World Premiere of Sarah Segal-Lazar’s Don’t Read The Comments (Sermo Scomber Theatre), at the St. Ambroise Montreal Fringe Festival 2018.
In Sarah Segal-Lazar new play Don’t Read The Comments, the question of the existence of a grey area, or of blurred lines in the context of consent and sexual encounters, is explored through a comically exaggerated bouffon style. Formatted as the live taping of a talk show bearing the play’s same title, Don’t Read The Comments and its host Wendy Winfrey (a hybridized version of Oprah and Wendy Williams, with occasional hints of RuPaul, played by the exceptionally talented Dakota Jamal Wellman), address the audience and demand our participation in the conversation. With very little warning as to what we are about to see, Winfrey invites three guests onto her show: Grace Haverford, a more-raging-than-radical feminist (Cara Krisman); Geoffrey “Tripp” Jeffrey, a self-proclaimed male feminist and YouTuber (Gabe Maharjan); and Cindy Nancy Cindy, a Centrist politician (Joy Ross-Jones) who is clearly on the wrong side of the conversation on sexual consent.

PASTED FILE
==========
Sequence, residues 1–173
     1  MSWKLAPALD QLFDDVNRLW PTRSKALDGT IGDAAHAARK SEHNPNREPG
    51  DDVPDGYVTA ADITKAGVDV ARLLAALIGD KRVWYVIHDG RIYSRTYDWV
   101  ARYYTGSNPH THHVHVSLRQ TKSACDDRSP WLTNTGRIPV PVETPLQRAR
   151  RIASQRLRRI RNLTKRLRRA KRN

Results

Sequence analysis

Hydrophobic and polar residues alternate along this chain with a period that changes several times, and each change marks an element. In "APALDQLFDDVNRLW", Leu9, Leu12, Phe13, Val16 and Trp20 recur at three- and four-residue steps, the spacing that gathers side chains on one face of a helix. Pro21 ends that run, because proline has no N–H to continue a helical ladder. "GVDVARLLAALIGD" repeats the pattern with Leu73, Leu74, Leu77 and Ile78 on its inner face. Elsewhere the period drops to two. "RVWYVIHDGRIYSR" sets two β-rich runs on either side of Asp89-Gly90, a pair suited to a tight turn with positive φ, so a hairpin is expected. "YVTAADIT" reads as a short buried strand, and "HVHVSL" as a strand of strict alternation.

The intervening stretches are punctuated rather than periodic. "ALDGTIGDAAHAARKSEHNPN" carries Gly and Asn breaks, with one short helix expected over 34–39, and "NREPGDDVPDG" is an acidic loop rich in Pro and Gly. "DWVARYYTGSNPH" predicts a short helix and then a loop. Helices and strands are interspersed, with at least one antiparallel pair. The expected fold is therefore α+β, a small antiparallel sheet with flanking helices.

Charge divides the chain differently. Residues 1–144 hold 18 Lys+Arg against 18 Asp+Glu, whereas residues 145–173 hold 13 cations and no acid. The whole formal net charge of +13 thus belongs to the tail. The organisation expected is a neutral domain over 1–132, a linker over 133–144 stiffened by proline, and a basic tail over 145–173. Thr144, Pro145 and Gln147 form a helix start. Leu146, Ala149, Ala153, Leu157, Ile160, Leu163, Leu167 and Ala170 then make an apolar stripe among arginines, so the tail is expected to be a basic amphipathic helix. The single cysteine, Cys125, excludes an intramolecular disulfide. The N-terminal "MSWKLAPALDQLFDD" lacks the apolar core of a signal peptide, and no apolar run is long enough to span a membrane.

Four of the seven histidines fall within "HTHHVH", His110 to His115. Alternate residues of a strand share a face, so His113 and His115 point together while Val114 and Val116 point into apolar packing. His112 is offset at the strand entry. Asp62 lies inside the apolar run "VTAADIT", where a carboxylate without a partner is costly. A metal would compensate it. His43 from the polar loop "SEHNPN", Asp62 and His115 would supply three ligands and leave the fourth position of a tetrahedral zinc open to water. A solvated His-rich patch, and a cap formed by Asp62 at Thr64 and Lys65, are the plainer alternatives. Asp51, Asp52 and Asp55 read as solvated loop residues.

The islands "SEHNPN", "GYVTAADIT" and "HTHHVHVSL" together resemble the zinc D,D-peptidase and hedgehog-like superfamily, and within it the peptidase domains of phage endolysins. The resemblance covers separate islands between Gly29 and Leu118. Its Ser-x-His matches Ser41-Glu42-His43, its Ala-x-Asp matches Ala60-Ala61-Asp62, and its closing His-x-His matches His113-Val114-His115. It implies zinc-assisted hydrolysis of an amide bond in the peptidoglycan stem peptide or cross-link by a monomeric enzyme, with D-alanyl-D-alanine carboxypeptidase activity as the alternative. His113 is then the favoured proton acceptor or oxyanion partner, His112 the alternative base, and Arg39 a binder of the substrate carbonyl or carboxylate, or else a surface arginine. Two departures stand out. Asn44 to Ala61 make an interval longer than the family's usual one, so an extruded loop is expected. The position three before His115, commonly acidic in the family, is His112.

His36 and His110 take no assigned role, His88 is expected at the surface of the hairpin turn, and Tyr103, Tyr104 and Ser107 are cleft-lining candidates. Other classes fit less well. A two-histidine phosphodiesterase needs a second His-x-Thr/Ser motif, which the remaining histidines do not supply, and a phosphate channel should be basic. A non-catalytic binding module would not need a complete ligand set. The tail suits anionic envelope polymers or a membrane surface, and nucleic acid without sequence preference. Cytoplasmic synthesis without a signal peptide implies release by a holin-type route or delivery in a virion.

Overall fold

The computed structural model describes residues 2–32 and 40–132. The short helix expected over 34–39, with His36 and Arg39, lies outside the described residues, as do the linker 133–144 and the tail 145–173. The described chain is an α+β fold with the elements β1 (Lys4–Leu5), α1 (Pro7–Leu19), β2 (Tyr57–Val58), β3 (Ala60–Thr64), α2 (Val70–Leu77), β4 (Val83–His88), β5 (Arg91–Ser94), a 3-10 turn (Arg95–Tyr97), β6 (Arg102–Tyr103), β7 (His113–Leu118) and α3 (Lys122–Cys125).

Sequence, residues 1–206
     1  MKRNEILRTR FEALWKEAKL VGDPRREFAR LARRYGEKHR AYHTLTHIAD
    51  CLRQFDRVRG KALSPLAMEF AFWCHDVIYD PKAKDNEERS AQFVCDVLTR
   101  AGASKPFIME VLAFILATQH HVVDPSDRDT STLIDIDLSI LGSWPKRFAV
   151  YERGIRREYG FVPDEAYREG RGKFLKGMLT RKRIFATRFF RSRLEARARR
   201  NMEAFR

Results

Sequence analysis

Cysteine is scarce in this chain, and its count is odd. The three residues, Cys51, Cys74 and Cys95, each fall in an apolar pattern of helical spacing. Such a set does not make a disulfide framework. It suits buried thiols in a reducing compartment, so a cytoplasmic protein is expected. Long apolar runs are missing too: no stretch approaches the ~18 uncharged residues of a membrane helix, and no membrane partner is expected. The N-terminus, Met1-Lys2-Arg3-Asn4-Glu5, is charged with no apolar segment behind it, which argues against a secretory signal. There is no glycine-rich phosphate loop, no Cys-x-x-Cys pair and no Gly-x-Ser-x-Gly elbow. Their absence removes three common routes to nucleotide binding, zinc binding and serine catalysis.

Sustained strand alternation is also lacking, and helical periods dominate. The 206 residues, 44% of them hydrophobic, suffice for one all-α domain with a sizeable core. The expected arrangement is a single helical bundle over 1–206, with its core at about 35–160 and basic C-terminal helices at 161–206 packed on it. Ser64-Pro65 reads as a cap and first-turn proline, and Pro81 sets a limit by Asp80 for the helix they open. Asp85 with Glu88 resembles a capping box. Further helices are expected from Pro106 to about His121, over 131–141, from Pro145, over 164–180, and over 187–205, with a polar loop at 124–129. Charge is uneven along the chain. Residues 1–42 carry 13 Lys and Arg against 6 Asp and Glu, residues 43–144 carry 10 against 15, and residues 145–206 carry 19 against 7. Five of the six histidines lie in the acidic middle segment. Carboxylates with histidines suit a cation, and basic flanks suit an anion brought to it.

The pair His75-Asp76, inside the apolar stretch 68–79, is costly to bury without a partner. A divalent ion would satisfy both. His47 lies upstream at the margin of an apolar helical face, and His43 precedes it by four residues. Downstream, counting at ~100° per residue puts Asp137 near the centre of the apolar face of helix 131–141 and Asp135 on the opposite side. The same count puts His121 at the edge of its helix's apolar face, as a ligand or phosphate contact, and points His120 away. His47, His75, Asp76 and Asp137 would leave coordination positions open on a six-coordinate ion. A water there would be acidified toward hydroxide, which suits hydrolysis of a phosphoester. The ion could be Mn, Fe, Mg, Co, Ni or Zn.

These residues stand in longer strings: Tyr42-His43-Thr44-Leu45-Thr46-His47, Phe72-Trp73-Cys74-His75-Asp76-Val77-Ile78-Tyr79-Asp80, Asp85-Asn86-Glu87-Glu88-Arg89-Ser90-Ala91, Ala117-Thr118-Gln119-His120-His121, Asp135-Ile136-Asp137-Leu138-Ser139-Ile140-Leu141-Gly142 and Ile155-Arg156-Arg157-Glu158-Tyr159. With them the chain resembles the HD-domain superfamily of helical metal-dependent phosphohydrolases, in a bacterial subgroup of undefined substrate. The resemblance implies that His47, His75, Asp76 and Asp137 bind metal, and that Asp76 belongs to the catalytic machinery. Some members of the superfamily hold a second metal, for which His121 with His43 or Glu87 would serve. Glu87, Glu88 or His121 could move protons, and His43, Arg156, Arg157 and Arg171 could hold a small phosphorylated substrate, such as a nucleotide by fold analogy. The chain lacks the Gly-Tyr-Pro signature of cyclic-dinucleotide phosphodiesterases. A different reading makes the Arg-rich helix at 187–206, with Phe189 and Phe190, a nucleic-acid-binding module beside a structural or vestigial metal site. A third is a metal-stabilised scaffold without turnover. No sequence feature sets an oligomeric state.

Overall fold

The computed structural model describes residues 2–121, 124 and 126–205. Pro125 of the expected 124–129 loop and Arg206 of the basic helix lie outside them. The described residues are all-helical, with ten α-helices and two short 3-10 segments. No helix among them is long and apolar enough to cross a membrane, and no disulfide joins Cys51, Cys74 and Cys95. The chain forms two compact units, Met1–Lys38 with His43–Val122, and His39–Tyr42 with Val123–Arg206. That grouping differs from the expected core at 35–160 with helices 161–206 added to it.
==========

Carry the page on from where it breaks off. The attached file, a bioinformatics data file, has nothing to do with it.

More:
Don’t Read The Comments uses bouffon to express a spectrum of difficult topics; examples include themed segments such as “Act it Out!” and question-driven conversations which touch on topics of consent and often culminate in characters going on loud, unprompted rants or excessively touching each other. In one memorable scene host, Wendy Winfrey prompts her guests to race towards her and adjust their speed by reading aspects of her body language–a challenge Grace Haverford wins by not approaching Wendy and instead, taking a seat while her two opponents ceaselessly push each other aside in pursuit of first place. A similar tone is struck in the play’s most explicitly sexual moment when guest Grace Haverford suggests that every and all sexual encounters should be prefaced by the signing of a contract between both parties because, as she says, “What could be sexier than that?” As both Haverford and Tripp attempt to “act out” the signing of one such contract with what can only be described as a phallic balloon pen, their stiff demonstration progresses into a cacophony of moans and unbridled touching–an interesting climax to the live show’s most graphic segment.